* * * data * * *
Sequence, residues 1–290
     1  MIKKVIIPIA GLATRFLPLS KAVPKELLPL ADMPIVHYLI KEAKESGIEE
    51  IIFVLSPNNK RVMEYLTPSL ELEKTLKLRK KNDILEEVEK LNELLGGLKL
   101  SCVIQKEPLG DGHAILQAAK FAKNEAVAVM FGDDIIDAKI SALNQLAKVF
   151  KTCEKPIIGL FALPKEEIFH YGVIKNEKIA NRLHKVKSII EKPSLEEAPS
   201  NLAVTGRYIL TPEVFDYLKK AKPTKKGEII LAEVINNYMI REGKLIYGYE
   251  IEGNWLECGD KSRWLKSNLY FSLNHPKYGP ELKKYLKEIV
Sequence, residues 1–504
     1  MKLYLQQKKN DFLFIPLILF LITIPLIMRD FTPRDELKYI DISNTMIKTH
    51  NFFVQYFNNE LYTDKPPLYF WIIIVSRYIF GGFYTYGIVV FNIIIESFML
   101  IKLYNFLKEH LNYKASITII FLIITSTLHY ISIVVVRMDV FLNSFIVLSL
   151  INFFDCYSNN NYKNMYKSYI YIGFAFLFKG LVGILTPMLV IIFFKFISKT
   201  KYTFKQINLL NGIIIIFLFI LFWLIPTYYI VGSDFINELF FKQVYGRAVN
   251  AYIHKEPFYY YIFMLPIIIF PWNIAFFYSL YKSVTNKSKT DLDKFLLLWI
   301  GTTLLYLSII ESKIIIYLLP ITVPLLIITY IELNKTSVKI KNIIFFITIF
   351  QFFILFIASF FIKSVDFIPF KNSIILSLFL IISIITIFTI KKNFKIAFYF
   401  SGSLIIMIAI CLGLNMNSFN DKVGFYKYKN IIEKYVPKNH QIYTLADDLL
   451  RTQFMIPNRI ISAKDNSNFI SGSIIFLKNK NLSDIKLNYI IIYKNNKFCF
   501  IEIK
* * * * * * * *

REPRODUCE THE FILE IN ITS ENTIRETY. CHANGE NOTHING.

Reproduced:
Sequence, residues 1–290
     1  MIKKVIIPIA GLATRFLPLS KAVPKELLPL ADMPIVHYLI KEAKESGIEE
    51  IIFVLSPNNK RVMEYLTPSL ELEKTLKLRK KNDILEEVEK LNELLGGLKL
   101  SCVIQKEPLG DGHAILQAAK FAKNEAVAVM FGDDIIDAKI SALNQLAKVF
   151  KTCEKPIIGL FALPKEEIFH YGVIKNEKIA NRLHKVKSII EKPSLEEAPS
   201  NLAVTGRYIL TPEVFDYLKK AKPTKKGEII LAEVINNYMI REGKLIYGYE
   251  IEGNWLECGD KSRWLKSNLY FSLNHPKYGP ELKKYLKEIV
Sequence, residues 1–504
     1  MKLYLQQKKN DFLFIPLILF LITIPLIMRD FTPRDELKYI DISNTMIKTH
    51  NFFVQYFNNE LYTDKPPLYF WIIIVSRYIF GGFYTYGIVV FNIIIESFML
   101  IKLYNFLKEH LNYKASITII FLIITSTLHY ISIVVVRMDV FLNSFIVLSL
   151  INFFDCYSNN NYKNMYKSYI YIGFAFLFKG LVGILTPMLV IIFFKFISKT
   201  KYTFKQINLL NGIIIIFLFI LFWLIPTYYI VGSDFINELF FKQVYGRAVN
   251  AYIHKEPFYY YIFMLPIIIF PWNIAFFYSL YKSVTNKSKT DLDKFLLLWI
   301  GTTLLYLSII ESKIIIYLLP ITVPLLIITY IELNKTSVKI KNIIFFITIF
   351  QFFILFIASF FIKSVDFIPF KNSIILSLFL IISIITIFTI KKNFKIAFYF
   401  SGSLIIMIAI CLGLNMNSFN DKVGFYKYKN IIEKYVPKNH QIYTLADDLL
   451  RTQFMIPNRI ISAKDNSNFI SGSIIFLKNK NLSDIKLNYI IIYKNNKFCF
   501  IEIK